When a child is born, the first thing a parent checks is how many fingers and toes he or she has. Ever wonder why?
Most of us have come to realize the power of opposable thumbs. Without a thumb, that funny, useful fifth appendage on each hand, we’d struggle to open jars, shake hands or thumb a ride. But have you ever considered all the rest of your appendages? Why do we have 10 fingers and 10 toes?
It could be a matter of balance. After all, six toes on one foot and four on the other wouldn’t do you any favors when walking. Not only would it inspire an inconvenient list to one side, it also would hamper that penchant for 5Ks currently burgeoning in suburbia
While the jury’s still out on why humans tend toward 10 fingers and 10 toes, scientists have batted various ideas around, including one simply known as the Limb Law, developed by Mark Changizi. Changizi, a theoretical neurobiologist, has come up with, among other things, glasses to combat color-blindness.
According to Limb Law, a mathematical formula can be used to explain the number of limbs an insect or animal would need based on how long its limbs are. The shorter the limbs, the more that are necessary.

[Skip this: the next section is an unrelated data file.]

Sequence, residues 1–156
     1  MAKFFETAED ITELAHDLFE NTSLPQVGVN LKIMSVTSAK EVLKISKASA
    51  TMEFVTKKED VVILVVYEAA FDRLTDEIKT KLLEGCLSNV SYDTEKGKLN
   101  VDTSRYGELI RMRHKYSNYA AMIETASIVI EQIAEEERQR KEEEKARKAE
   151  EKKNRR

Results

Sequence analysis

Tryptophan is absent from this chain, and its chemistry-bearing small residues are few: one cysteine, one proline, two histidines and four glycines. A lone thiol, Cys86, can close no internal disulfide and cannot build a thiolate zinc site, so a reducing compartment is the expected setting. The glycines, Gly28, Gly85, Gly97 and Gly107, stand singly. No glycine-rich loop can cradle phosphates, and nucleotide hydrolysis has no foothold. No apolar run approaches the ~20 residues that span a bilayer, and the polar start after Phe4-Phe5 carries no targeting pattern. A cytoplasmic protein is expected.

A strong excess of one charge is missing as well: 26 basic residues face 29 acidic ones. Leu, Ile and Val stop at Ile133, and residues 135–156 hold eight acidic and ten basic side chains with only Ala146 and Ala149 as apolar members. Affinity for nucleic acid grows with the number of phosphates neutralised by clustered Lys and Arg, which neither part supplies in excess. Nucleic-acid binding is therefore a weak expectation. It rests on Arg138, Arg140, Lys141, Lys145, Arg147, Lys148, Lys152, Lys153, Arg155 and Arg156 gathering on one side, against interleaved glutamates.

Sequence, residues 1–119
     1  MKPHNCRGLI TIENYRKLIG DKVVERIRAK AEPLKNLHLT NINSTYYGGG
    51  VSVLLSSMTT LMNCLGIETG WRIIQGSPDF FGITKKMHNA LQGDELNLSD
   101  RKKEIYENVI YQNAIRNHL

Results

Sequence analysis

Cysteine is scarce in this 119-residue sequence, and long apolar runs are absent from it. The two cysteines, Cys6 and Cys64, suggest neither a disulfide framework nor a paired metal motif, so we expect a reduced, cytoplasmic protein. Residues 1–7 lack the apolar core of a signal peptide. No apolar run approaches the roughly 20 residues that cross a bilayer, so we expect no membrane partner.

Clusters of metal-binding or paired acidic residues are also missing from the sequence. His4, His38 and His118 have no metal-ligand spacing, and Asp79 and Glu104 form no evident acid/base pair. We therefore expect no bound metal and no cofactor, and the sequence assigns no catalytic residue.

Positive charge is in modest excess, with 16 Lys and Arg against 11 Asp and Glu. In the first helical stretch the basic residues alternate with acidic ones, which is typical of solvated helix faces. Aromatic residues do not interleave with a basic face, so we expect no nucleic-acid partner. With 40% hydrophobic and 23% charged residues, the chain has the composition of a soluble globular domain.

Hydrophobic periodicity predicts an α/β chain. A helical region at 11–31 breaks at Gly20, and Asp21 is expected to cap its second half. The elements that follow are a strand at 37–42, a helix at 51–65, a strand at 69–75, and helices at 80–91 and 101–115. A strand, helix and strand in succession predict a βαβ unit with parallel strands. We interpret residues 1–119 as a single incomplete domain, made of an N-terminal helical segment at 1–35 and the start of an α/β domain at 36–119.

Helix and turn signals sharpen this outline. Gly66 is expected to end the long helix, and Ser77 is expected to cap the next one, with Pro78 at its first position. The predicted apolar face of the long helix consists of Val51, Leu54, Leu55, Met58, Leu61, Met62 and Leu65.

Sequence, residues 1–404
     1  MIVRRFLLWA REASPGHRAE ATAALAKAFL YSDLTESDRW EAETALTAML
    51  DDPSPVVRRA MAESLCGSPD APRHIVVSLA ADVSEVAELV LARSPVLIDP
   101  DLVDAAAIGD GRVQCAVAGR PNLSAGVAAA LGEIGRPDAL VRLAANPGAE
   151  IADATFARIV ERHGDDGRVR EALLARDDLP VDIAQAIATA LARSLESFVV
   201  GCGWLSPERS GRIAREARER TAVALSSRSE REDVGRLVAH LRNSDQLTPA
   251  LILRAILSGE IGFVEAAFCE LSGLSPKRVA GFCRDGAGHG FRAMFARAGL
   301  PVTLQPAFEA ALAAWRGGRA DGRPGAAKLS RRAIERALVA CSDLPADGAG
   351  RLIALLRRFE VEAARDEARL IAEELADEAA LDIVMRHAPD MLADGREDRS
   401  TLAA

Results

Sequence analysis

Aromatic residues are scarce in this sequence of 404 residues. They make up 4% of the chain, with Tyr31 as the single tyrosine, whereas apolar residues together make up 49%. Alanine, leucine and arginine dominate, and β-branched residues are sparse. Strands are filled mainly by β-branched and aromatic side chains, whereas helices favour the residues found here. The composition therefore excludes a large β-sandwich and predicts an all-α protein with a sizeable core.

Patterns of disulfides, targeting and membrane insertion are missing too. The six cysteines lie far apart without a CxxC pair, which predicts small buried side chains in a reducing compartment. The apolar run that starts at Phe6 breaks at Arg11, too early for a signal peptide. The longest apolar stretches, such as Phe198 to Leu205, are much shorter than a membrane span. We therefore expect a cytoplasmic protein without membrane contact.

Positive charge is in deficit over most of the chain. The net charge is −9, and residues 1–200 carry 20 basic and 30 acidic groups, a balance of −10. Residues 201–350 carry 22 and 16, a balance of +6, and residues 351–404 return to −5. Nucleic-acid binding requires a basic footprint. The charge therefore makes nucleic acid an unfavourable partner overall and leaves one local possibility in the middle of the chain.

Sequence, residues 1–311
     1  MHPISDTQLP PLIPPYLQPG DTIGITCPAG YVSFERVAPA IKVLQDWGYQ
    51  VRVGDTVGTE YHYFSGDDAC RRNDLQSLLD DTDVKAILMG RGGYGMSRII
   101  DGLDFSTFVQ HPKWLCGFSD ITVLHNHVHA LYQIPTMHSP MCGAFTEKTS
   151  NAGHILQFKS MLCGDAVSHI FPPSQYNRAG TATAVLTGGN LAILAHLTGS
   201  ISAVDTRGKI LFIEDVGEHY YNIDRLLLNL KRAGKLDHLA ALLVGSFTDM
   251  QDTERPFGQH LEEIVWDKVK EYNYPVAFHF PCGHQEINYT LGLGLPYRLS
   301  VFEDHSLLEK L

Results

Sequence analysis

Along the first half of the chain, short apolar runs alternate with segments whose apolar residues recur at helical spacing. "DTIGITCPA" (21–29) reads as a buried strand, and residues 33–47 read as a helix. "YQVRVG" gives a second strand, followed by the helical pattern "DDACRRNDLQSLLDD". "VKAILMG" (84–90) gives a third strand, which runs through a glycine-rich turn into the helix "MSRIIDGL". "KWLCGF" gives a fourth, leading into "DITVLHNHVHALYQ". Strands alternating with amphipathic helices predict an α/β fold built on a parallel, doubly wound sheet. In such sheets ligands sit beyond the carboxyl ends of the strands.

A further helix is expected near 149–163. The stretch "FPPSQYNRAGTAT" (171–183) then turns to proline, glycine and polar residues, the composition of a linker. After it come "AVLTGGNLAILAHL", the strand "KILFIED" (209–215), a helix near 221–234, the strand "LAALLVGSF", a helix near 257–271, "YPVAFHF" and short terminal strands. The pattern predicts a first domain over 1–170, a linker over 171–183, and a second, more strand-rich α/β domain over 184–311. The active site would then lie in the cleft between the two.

How does Limb Law apply to fingers and toes? Fingers and toes, the law asserts, should be considered limbs of the hands and feet. We need enough, but not too many, fingers so that we can perform certain tasks: make a fist, grasp objects and more. Turns out, the correct ratio for the human hand is five. Convenient, considering that’s the way we’re born. Most of us, anyway [source: Changizi].
Some children are born with an extra finger or toe. Although these additional appendages are usually surgically removed, they’re proof that “10 little fingers” isn’t always correct.
Scientists are, however, pretty convinced 10 is a good number for appendages on the feet and hands. In this case, more is not better. Adding a sixth finger to each hand or a sixth toe to each foot wouldn’t offer much in the way of improvement, which is a prime ingredient for any evolutionary changes to develop. We don’t need six fingers to grasp an object, and a sixth finger would just get in the way for many tasks, including the ability to make a fist. Robotic hands used as prosthetics actually have been shown to be nearly as effective with two, three or four fingers instead of five, something that further compounds the confusion over why humans give a high-five instead of a high-four or high-six [source: Wolchover].